Fringe Parties Call For Lower Election Threshold

MOSCOW, January 29 (RIA Novosti) – Russia’s non-parliamentary parties appealed on Tuesday for the voting threshold for electoral representation in parliament to be dropped to five percent of the vote or lower.


The appeal came at a council of non-parliamentary parties chaired by State Duma speaker Sergei Naryshkin.


Democratic Party of Russia chairman Andrei Bogdanov, who heads the council’s electoral legislation group, presented the parties’ suggestions for improving the electoral system at the meeting, attended by representatives of 27 parties.


“Non-parliamentary political parties are convinced that it would be rational to lower the election threshold to five percent. Most parties believe that any threshold is redundant,” he said.


A bill to lower the election threshold to five percent was signed into law by then President Dmitry Medvedev on October 21, 2011 and came into force on January 1, 2013.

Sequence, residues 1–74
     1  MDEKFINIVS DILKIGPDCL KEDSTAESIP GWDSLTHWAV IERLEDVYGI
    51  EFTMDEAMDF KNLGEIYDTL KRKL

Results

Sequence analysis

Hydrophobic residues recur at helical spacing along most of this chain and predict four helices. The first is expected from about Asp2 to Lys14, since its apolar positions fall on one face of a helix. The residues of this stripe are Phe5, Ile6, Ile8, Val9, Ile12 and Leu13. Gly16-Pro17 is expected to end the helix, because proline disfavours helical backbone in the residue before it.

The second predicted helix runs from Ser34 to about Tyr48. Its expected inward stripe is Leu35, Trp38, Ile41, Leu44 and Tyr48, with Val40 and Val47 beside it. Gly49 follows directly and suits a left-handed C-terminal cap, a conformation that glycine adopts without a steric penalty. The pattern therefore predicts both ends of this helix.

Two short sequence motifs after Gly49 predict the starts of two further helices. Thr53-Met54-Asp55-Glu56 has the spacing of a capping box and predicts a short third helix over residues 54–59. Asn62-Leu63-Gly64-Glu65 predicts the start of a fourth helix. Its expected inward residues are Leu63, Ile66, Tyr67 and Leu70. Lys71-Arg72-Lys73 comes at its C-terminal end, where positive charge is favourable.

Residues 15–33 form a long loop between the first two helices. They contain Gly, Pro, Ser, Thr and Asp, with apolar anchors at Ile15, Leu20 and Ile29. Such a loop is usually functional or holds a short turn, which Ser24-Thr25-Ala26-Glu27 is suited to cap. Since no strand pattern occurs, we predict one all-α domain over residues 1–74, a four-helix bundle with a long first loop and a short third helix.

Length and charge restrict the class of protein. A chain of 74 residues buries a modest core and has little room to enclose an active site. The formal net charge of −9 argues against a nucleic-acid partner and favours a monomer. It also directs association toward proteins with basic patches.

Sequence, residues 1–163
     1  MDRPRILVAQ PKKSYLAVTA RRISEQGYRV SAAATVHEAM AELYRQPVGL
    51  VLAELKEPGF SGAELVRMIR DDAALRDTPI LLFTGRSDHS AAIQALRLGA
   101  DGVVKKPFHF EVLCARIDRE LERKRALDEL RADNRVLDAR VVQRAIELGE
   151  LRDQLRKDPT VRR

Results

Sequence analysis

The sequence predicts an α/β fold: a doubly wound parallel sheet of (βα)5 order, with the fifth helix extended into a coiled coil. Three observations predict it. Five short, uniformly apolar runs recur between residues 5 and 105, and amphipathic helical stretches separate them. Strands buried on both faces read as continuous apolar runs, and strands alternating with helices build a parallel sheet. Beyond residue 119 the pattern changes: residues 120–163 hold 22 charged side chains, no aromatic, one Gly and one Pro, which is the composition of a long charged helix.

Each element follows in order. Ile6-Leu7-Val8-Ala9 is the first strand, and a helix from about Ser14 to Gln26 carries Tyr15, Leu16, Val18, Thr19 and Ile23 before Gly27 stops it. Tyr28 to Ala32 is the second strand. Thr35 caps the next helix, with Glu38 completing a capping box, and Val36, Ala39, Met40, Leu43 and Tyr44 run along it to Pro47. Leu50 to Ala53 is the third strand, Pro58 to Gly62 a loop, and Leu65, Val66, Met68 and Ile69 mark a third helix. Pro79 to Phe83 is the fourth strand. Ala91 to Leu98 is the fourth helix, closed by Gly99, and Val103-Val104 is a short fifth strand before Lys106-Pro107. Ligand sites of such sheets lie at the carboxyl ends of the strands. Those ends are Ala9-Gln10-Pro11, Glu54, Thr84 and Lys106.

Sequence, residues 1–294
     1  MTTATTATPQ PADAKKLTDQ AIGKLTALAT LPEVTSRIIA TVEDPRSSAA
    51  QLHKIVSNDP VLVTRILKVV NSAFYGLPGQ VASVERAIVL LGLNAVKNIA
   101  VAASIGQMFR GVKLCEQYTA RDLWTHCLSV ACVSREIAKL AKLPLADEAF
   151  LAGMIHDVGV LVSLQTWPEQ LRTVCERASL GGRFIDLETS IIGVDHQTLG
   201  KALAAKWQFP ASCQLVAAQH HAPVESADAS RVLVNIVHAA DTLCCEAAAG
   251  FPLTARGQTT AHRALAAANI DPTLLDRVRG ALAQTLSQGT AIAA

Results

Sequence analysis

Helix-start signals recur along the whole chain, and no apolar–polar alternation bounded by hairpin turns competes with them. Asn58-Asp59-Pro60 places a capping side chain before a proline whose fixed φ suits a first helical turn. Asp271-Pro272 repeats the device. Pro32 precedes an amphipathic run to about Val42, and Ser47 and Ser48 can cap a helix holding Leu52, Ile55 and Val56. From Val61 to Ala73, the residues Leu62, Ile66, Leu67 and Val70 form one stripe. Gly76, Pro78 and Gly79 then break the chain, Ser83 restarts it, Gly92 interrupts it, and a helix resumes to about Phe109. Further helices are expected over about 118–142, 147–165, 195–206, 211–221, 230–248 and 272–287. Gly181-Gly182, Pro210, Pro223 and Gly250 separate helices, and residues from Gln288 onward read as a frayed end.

The bill was adopted ahead of the 2011 State Duma elections, which were followed by a series of protests against alleged vote-rigging and ballot-stuffing. Only four parties managed to pass the seven-percent threshold. None of the parties that failed to pass to the State Duma garnered more than 3.4 percent of the vote.


The majority of parties also want the opportunity to form electoral blocs after the results of the vote are declared, he added. “Most parties also support the legal opportunity to form electoral blocs – the only party that objected was the For the Women of Russia party,” Bogdanov said at the meeting.


“[The parties that failed to clear the parliament threshold] should have an opportunity to form a bloc and create a joint party list in one week, and if they receive more than five percent in total, to take part in the allocation of mandates,” Bogdanov added.


Patriots of Russia Deputy Chairman Sergei Glotov said his party wanted the electoral barrier to be dropped to just 3 percent. “We are for blocks, and for the reduction of the barrier to 3 percent,” he said.


Some parties are convinced Russia should abandon automated vote counting and return to a manual vote count with “both the voting and the ballot count” being broadcast on the Internet, he said.


The non-parliamentary parties also said only transparent ballot boxes should be used during polling.


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